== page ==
As mankind's race to Mars begins to heat up, so do the science based tales about the way we're going to finally get there. With our sights set on humankind beginning the run up to our eventual colonization of another planet, entertainment begins to capture how the science will evolve and how men like Elon Musk and his SpaceX team will be a defining factor in our eventual manned landing on the red planet. National Geographic's Mars series is half documentary style/half fictional take on the mission to Mars. While it may throw some for a loop with its unique spin on storytelling, it's a halfway decent show that presents a semi-realistic story a team of astronauts sent into the unknown as they sacrifice their lives to finally begin the transition to a new life on Mars.
Split between 2016 and 2033, the show has two different timelines. The 2016 segments spend time with the real life scientists that are planning a mission to Mars. The second, 2033, is the fictionalized story of the interplanetary explorers that are willing to put everything on the line in the hopes of continuing man's existence as a multi-planet species. While I really wanted to like the science fiction aspects of the show, they seem to be going down the familiar path of most other genre entries. Nothing ever goes right. Things break constantly. People get hurt. The mission seems doomed due to a never ending barrage of mishaps and poor planning. The times we get to spend with Elon Musk and other real life scientists is far more interesting than the 2033 timeline.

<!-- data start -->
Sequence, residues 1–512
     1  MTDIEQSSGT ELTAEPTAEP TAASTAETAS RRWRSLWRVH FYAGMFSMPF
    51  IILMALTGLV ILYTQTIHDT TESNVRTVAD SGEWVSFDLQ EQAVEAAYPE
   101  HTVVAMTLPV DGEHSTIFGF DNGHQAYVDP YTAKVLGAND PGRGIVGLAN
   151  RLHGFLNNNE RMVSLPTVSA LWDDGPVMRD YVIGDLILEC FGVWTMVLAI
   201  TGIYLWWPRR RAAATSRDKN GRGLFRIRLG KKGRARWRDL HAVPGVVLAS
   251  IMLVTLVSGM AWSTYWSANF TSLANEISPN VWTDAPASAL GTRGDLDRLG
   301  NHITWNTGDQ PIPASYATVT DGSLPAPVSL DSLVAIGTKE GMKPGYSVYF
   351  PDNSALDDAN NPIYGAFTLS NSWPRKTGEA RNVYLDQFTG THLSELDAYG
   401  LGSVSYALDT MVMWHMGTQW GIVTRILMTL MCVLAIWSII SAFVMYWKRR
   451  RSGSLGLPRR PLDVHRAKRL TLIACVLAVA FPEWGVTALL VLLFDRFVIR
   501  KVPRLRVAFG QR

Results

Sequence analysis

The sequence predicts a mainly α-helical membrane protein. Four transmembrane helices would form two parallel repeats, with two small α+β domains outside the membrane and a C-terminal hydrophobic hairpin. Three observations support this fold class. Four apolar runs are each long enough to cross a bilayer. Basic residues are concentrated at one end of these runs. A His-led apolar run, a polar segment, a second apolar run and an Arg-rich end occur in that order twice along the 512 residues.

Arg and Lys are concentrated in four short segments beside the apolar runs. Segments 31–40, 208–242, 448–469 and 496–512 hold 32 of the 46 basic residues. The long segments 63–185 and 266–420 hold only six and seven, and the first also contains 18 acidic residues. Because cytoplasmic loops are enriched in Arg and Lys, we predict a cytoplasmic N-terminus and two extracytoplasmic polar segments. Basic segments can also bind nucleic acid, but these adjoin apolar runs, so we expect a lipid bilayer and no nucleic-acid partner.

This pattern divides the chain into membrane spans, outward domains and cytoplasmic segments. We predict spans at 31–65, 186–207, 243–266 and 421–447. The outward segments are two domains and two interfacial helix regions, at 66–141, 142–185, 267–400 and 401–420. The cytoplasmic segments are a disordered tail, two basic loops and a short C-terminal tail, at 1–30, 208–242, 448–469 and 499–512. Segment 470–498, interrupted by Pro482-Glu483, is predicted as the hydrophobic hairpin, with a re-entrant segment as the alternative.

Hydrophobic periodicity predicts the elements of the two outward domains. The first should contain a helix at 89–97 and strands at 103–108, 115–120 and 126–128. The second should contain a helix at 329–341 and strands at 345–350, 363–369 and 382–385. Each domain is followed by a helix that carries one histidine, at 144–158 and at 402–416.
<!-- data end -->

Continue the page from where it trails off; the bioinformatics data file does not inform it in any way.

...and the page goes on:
|Look at us. We're all lined up for Negan. Eenie meenie.......wait. Wrong show.|
Most fans of sci-fi will definitely find some things to like about the show. Considering the lower budget, the graphics work doesn't look too bad. But again, the documentary style footage they use of SpaceX's testing programs, mission failures, and real settings are the best part of episode 1. In fact, I would love to see a series dedicated just to SpaceX and Musk's ideas about the future of space travel. It would be counter productive to bash on something that Nat Geo produced because movies aren't their game, but the reliance on Hollywood space tropes and disaster scenarios gets old really fast. If we're watching something produced by them, a reliance on hard science and fact would make this much better. Again, this isn't the worst thing ever, but I expected more.
The sets and costume design are practically identical to what we saw in The Martian. And the storyline that's unfolding already shows too many similarities to the aforementioned Matt Damon movie. It's good enough to finish another 5 episodes, but it will just be a casual watch. If they throw in some more Neil deGrasse Tyson, I really won't be offended. His personality and scientific code is always worth the watch.
Get your ass to Mars but don't expect too much.